“It’s vital for CIOs and IT executives to be aware of the potential risks and benefits of generative AI and to work with experts in the field to develop responsible strategies for its use,” Richer says. “This collaboration needs to involve universities, big tech, think tanks, and government research centers to develop best practices and guidelines for the development and deployment of AI technologies.”

Artificial Intelligence, IT Leadership

As campus networks continue to evolve, CIOs face a new hurdle in ensuring top-notch security measures. The importance of Wi-Fi technology cannot be understated as visitors and employees rely on it for seamless connectivity while on campus. However, CIOs and their teams are challenged with not only addressing security threats but also troubleshooting an extensive network of personal devices. Protecting enterprise environments has never been more necessary or intricate.

According to a 2021 report by Positive Technologies, 97% of enterprise Wi-Fi networks are vulnerable to attack. The most common vulnerabilities include weak passwords, unpatched software, and the use of insecure protocols.

In a survey of IT professionals conducted by Cybersecurity Insiders in 2020, 84% reported that their organizations had experienced a WiFi-related security breach in the previous 12 months. The same survey found that 60% of organizations do not use encryption to protect Wi-Fi communications, and 53% do not use secure passwords.

The 2021 Verizon Data Breach Investigations Report found that 26% of data breaches involved the use of stolen credentials, which can be obtained through WiFi-related attacks such as phishing or man-in-the-middle attacks.

Overall, these statistics highlight the importance of taking Wi-Fi security seriously in enterprise environments and implementing strong security measures to protect against potential risks.

Thankfully, Passpoint can address some of the top challenges IT leaders are facing today by enhancing security and automatizing time-consuming Wi-Fi management processes.

What is Passpoint?

Passpoint is based on the IEEE 802.11u standard and it is the brand for the Hotspot 2.0 certification program, Wi-Fi CERTIFIED Passpoint®, operated by the Wi-Fi Alliance. It is an industry-wide solution that streamlines Wi-Fi access and eliminates the need for users to find and authenticate a network each time they visit.

Passpoint grants instant, secure Wi-Fi access to users after once-in-a-lifetime provisioning of the Passpoint profile in their mobile device. Then, the enabled devices automatically connect to the organization’s network whenever they arrive at any campus.

Passpoint also enhances security measures without compromising the onboarding process. It uses 802.1X for user authentication and, specifically, the Extensible Authentication Protocol (EAP)-TLS, which supports certificate-basedauthentication —the gold standard of authentication— reducing the risk of cyber-attacks and data breaches.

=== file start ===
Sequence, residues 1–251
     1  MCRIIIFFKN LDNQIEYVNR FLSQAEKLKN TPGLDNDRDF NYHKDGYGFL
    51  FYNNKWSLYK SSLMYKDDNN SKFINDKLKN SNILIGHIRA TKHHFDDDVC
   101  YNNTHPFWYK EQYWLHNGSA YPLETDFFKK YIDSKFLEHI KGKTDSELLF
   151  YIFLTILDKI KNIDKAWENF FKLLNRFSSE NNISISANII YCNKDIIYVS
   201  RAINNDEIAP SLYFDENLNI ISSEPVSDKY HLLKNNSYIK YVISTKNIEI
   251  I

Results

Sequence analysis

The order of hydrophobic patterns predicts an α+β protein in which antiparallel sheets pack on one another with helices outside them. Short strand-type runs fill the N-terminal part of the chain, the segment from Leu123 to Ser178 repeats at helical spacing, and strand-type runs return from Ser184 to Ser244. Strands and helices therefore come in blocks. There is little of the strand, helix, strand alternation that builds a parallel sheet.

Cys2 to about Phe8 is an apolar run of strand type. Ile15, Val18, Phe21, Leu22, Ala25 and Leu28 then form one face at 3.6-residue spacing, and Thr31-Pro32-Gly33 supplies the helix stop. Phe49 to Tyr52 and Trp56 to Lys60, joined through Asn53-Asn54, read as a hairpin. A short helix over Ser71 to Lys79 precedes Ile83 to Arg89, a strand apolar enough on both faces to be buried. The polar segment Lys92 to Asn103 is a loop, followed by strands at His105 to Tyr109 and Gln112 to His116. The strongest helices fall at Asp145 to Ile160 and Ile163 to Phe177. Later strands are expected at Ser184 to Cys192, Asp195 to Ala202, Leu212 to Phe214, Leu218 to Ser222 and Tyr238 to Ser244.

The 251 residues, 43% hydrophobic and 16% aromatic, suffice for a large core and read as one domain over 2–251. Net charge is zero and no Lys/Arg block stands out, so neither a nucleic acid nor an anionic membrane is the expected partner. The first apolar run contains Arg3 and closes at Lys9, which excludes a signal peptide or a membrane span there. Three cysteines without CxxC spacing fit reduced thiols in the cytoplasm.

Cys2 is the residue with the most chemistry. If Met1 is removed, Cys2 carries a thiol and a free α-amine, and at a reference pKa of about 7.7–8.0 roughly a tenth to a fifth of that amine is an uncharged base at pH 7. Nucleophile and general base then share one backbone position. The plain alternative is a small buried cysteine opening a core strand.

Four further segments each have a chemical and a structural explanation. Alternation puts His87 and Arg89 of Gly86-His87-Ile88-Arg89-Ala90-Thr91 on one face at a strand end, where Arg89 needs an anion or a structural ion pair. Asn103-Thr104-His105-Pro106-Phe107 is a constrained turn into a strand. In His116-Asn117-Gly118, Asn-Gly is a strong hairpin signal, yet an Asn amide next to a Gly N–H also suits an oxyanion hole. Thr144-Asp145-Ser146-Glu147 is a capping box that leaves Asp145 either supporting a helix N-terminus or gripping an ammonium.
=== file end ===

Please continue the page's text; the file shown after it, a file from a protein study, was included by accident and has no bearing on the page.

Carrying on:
Finally, Passpoint has the ability to support emerging technologies, such as the Internet of Things (IoT), that are expected to drive the next wave of digital transformation and will require a secure and seamless network infrastructure.

Enabling hybrid work practices

The practice of bringing your own device (BYOD) has been around for years in office spaces and the shift to hybrid work around the world has accelerated the trend. However, employees and visitors face several problems when connecting to traditional enterprise Wi-Fi, such as needing or losing a password, losing connectivity when logging back into a laptop, or onboarding personal devices into the network, thus putting the organization’s network at risk.

The aforementioned onboarding issues can result in a great deal of time wasted—both by users trying to resolve the issues and IT teams trying to help. Fortunately, Passpoint solves these onboarding issues by supercharging the Wi-Fi security and experience in this new highly mobile and agile working environment.

IT teams can quickly onboard all “unmanaged” devices, with peace of mind. By automating Wi-Fi onboarding in a secure way, Passpoint can have a positive impact on IT teams’ morale through improving user satisfaction and increasing productivity, as employees are not wasting time trying to connect to Wi-Fi or troubleshoot connection issues.

Focusing on digital transformation

In today’s fast-paced tech world, it can be overwhelming for CIOs and their teams to stay on top of the latest cloud technologies, virtual reality, and machine learning advancements. They are constantly learning and mastering new skills just to keep up.

By embracing Passpoint, CIOs can safeguard company data while reducing the burdensome tasks of their IT team that can work more efficiently and happily. This way, CIOs can devote their attention to defining and executing higher-value strategic initiatives, aligning their efforts with business objectives.

It is imperative for CIOs to prioritize Passpoint adoption if they wish to expedite their digital transformation journey and prepare their organization for the future.

To find out how Cloud4Wi can upgrade your enterprise Wi-Fi to Passpoint, click here.


“You can never drive the car looking through the rearview mirror,” says Joe Locandro, CIO of Fletcher Building, one of Australasia’s largest building materials supplier. “As CIO, you have to keep looking ahead and feel comfortable in backing yourself. That’s the difference between being CIO and an IT manager—one is responsible for getting things done, the other for a vision and making a difference.”

Fletcher Building is an $NZ8 billion organization made up of more than 30 companies that range from manufacturing, mining aggregates, road making, and more, and when it was time to digitally transform and better enable a data-driven and platforms-based business, Locandro’s forward-thinking philosophy was integral in the company’s efforts to succeed.